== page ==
I just did my first one-on-one and it was awesome!

My interest in building the Philly chapter lead me to participate in a webinar on ‘How to give an excellent one on one.’ I thought I had never “been one-on-oned” going into the webinar and even mentioned that in my intro. Kaitlin, RG’s Campaign and Chapter Organizer, gave a great webinar while Kate, another Philly Chapter leader, and I watched from her living room. I noticed mid-way through the webinar, that in fact, Kaitlin had just “one-on-oned” me earlier that week! Somewhat embarrassing but we had a good laugh about it chatting after the webinar.
I remember about a year ago, when I was on the other side of the table and I was coming into RG. I was super nervous about having a one-on-one for my entry point for Resource Generation, Philly Chapter. I had gone to the RG website and had a general idea of what RG was about. I thought it seemed like a good fit for me and was anxious to get started.
I had been offered a one-on-one OR the opportunity to participate in an awesome tax campaign call-in day the then nascent Philly Chapter was about to do. Of course, I chose taxes! I’d much rather call strangers on the phone and tell them to tax me more, than talk to a wonderful individual in a one-on-one! For some reason, I thought a one-on-one would be a really intimidating experience, so I avoided it.

The tax day phone call group turned out to be Sarah B, the woman who had been in touch with me over email,  and two other RG Philly people who I hadn’t met. We did a brief round of introductions, talked about the pitfalls and opportunities in tax work. We made our calls, de-briefed, and went home. Then the three people who had been at the call day organized a re-activation meeting for the Philly Chapter (although we didn’t call ourselves that yet). It was a great experience, and looking back our introductions were very similar to the conversation in a one-on-one.
The One-on-One
I was super nervous about doing a one on one because I’d be there by myself and not have anyone to fill in my data gaps. I was a Girl Scout for many years and we always did things in groups and planned them on the way. So, planning on the way to the one-on-one, I realized that I didn’t bring my notes and I didn’t prepare an ask.(Both totally contrary to the training!) I knew going in that the guy I was going to meet for the one-on-one, although he is a student at an Ivy, is probably not an RG constituent. I was not ready to think on my feet about what I could ask from an ally – other than to join our email list, which he was already on.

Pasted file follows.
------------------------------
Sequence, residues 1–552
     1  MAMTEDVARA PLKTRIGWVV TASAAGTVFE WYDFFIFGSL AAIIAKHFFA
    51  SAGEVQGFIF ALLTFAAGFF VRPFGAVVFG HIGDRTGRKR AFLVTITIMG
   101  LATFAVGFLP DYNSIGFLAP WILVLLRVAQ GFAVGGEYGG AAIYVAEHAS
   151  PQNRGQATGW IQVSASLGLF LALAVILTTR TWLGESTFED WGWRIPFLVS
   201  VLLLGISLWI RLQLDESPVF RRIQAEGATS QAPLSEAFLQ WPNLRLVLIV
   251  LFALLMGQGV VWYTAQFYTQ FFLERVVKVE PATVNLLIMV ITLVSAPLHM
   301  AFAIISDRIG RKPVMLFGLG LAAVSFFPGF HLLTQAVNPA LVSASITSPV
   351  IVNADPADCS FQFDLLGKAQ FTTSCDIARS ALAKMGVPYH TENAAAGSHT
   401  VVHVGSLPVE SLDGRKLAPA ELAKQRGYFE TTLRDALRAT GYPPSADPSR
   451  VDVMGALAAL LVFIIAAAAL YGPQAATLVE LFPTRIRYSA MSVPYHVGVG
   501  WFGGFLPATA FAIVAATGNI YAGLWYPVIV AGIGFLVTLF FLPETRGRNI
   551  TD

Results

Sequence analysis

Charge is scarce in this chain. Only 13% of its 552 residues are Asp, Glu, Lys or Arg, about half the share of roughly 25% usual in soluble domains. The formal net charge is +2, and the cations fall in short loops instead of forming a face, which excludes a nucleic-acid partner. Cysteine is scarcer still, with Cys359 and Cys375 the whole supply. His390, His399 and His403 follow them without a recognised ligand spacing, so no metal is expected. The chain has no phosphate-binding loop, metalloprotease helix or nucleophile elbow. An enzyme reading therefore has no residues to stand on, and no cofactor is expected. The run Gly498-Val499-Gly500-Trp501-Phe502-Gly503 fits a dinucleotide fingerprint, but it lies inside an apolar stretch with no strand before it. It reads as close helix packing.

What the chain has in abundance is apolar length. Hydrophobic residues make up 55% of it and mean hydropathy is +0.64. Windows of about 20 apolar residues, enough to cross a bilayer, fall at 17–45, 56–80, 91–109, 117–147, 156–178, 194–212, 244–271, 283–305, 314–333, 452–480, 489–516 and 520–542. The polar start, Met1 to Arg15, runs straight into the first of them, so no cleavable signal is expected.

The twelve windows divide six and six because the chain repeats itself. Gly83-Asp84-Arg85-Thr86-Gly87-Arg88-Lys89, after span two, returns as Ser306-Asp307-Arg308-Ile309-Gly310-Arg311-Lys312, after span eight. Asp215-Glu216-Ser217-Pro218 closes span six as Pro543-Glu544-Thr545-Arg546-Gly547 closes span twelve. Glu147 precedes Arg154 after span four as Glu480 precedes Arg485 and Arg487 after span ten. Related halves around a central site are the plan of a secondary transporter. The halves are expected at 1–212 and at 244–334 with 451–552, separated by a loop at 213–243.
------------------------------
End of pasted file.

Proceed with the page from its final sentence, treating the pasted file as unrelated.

It turns out that my fears were unfounded. We had a great conversation about wealth, class and education. I did leave the door open that if his situation changes, we are here for support. I also gave him a copy of RG’s annual report and the “Searching for the Ox” zine. (Both recommended in the training!)
On my way home, I thought “Shoot, we have spots for allies! I should have pre-gamed with Ruby.” Ruby was a part of the one-on-one training and talked about the experience of being an ally in a one-on-one. There’s even an advocate membership to RG.
There were a lot of things that I thought of later that I wished I brought up. If this constant re-evaluation sounds a bit harsh, it’s just part of my process. I know I’m still learning and think I’ll add skills faster with some self evaluation. For me, the best part of one-on-ones is it’s an ongoing process, not a one-and-done!
Ultimately, I learned that working collectively means having great relationships. One on ones are about building power through knowing and being known, learning what motivates you and others. They are a great tool for base building, leadership development, building relationships with other organizations or coalitions. They’re a great tool for pushing people to develop themselves by taking leadership roles or joining praxis or whatever next step is important and exciting for them. It’s great for anytime really…kind of like money stories.
The training gave me the confidence to go out and have that conversation with a stranger. The next time it comes up, I recommend calling in!
I’m excited to do more one-on-ones. I love learning about people and understanding their motivations. What a great excuse to have a recurring conversation with someone where I get to ask and answer, “What is your understanding of yourself and your history now? What’s motivating you now?”